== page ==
We're finishing up reading about shadow warfare in The Way of the Knife, but I'm taking things back to the fiction side for September. This month, I'm focusing on lean, fairly new work exploring worlds where the apocalypse has happened, but life goes on. They're mostly (though not all) meant for a young adult audience, which is a genre I particularly like because it consistently produces interesting, focused science fiction.
Feed by M.T. Anderson (2002)
Air is made in farms, lesions have become a fashion statement, and your shopping habits can determine whether you get medical care. Cut through Feed's strange, futuristic teenage slang, and you've got a doomed, darkly funny love story between two teenagers who navigate growing up in a world where everything you see, learn, and do is mediated through an implanted computer and a relentless barrage of corporate advertising.
Ship Breaker by Paolo Bacigalupi (2010)
Paolo Bacigalupi specializes in environmental disasters in the best possible way; if you read SF, you might remember his novel The Windup Girl. Ship Breaker's protagonist lives by breaking down pieces of a better world, stripping metal from ships that no longer work in a flooded world without oil. Instead of combustion, the world runs on springs and genetic engineering, led by a few Monsanto-like companies that travel the globe on clipper ships.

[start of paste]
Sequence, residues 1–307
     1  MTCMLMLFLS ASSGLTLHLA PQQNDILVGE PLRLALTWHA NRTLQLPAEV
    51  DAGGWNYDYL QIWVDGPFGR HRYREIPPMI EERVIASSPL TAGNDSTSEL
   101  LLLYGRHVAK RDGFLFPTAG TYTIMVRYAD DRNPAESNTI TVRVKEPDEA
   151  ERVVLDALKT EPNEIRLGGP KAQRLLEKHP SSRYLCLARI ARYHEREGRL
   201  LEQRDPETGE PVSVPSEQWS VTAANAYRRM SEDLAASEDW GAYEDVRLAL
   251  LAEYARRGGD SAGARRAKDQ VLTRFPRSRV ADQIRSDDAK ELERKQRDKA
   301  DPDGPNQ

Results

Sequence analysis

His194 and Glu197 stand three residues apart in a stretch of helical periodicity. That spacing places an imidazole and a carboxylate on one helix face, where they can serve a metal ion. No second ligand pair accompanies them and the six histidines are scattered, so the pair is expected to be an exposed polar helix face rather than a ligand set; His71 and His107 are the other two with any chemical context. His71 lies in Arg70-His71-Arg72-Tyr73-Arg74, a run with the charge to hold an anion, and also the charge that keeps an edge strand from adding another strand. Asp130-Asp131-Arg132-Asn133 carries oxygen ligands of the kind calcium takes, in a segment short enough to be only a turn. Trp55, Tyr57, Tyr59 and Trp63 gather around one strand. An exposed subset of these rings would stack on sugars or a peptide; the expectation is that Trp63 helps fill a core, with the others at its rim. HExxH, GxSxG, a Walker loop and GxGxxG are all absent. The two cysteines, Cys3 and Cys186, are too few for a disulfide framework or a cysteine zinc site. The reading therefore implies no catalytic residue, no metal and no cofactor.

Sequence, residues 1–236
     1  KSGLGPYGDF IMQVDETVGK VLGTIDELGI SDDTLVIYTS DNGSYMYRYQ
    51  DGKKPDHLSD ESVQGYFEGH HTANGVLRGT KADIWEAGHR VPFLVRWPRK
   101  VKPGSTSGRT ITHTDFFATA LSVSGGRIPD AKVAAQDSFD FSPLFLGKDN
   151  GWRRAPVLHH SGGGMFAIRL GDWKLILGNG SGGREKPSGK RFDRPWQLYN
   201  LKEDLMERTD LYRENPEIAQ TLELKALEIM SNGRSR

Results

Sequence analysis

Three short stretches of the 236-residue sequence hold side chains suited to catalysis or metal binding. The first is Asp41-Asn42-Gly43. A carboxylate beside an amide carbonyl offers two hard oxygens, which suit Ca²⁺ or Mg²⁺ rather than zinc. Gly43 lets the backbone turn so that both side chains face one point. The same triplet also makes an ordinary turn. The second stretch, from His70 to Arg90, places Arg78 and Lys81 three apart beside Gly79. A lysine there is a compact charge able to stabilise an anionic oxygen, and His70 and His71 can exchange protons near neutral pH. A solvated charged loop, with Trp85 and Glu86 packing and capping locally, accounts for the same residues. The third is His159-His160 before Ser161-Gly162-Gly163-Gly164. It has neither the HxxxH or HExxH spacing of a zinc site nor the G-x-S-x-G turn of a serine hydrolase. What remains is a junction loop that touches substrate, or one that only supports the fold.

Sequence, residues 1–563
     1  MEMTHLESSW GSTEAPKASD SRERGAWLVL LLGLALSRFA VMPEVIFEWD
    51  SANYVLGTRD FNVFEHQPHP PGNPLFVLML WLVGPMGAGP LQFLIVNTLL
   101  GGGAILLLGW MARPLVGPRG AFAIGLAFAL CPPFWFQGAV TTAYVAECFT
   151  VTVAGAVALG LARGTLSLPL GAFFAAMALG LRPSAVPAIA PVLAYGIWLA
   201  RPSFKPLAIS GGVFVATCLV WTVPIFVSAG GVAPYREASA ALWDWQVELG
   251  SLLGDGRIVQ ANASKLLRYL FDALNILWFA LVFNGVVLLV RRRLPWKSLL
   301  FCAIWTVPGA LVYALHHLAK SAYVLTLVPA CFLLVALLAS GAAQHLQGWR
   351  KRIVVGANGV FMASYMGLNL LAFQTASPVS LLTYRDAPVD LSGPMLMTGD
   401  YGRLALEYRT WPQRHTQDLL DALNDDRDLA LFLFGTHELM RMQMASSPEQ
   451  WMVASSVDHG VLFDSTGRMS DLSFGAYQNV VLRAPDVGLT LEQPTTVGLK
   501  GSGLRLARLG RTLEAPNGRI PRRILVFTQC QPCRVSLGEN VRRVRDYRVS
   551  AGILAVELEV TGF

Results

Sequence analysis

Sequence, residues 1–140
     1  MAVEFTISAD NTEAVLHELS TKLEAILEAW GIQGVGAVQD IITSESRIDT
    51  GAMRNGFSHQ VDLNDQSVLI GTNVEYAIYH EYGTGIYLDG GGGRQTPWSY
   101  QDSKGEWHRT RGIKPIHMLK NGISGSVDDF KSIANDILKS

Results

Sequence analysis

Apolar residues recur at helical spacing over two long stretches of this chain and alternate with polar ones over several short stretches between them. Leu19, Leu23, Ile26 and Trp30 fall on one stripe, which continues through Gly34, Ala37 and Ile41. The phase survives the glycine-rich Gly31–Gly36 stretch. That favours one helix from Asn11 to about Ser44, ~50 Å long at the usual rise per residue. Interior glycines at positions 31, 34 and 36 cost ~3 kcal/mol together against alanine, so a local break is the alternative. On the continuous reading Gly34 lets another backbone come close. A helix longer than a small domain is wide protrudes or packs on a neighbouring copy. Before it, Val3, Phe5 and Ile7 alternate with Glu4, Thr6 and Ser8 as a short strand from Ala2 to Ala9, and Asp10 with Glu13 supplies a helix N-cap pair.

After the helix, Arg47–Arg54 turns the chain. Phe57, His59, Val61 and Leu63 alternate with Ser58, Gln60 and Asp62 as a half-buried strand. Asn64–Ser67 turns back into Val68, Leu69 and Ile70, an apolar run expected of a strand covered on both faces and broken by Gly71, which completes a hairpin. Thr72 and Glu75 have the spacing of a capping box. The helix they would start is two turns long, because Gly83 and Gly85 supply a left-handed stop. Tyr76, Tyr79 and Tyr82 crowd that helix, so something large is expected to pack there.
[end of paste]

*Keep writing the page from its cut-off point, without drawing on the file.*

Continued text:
Who Fears Death by Nnedi Okorafor (2010)
In a Sudan-like future state, longtime ethnic conflicts are changed and exacerbated by the appearance of a kind of magic, and an exceptionally powerful young woman sets out to find and destroy her father. This is a difficult read, and the lone exception to my YA picks: it's about — among other things — rape, genocide, and female genital mutilation. But the characters and events are subtly written, the magical world is fascinating, and this io9 review makes a pretty strong case for why you should read it.
The House of the Scorpion by Nancy Farmer (2002)
Nancy Farmer is best known for The Ear, the Eye, and the Arm, and The House of the Scorpion explores some of the same ideas. Its protagonist is a clone in a future Mexico, meant to provide organs for the aging cartel leader he's copied from. But despite his likely death, his life is preferable to that of undocumented immigrants, who are put to work as remotely controlled dumb bodies. Like Ship Breaker, it's a study in existing national and class conflicts, told through the lens of someone who's just learning to make sense of the world.